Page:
Interleukin 6 (IL-6), promptly and transiently produced in response to infections and tissue injuries, contributes to host defense through the stimulation of acute phase responses, hematopoiesis, and immune reactions. Although its expression is strictly controlled by transcriptional and posttranscriptional mechanisms, dysregulated continual synthesis of IL-6 plays a pathological effect on chronic inflammation and autoimmunity. For this reason, tocilizumab, a humanized anti-IL-6 receptor antibody was developed. Various clinical trials have since shown the exceptional efficacy of tocilizumab, which resulted in its approval for the treatment of rheumatoid arthritis and juvenile idiopathic arthritis. Moreover, tocilizumab is expected to be effective for other intractable immune-mediated diseases. In this context, the mechanism for the continual synthesis of IL-6 needs to be elucidated to facilitate the development of more specific therapeutic approaches and analysis of the pathogenesis of specific diseases.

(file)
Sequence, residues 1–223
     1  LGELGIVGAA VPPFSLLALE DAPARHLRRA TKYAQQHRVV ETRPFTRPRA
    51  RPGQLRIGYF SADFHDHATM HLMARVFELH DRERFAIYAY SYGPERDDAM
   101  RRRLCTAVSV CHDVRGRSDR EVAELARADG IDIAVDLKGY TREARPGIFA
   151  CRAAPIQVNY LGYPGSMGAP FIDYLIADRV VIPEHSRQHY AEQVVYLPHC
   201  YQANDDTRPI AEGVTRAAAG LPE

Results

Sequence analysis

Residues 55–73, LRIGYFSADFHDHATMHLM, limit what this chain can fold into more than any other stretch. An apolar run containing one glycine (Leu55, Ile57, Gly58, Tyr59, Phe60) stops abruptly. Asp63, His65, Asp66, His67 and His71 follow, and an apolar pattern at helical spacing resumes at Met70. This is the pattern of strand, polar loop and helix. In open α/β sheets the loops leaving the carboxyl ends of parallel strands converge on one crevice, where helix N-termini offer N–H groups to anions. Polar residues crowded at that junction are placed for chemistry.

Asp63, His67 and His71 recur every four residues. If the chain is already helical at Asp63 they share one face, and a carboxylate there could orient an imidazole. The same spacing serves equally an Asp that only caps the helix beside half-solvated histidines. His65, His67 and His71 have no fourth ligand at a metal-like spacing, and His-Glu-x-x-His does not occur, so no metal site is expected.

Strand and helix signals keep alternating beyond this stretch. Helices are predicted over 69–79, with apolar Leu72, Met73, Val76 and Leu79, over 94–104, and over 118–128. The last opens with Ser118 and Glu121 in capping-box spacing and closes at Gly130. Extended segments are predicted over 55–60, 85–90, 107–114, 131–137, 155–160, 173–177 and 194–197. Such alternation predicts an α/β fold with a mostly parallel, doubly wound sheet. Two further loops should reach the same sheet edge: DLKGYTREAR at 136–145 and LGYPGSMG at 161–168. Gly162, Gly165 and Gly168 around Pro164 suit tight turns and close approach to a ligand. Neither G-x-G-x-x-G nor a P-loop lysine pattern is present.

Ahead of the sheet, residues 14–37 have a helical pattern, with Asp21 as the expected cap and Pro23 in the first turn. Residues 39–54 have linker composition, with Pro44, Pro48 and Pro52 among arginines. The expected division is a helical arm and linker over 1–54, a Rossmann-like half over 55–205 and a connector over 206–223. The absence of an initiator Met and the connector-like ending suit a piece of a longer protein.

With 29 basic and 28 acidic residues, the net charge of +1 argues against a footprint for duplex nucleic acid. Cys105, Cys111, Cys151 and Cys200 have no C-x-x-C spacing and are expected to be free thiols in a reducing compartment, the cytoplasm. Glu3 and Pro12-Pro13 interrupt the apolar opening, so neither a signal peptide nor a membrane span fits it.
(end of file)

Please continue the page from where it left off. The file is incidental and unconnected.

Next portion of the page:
Various immune diseases (e.g., rheumatoid arthritis) involve the dysregulated, continual synthesis of interleukin 6 (IL-6). They can be treated by targeting IL-6 with tocilizumab, but more specific therapies are needed.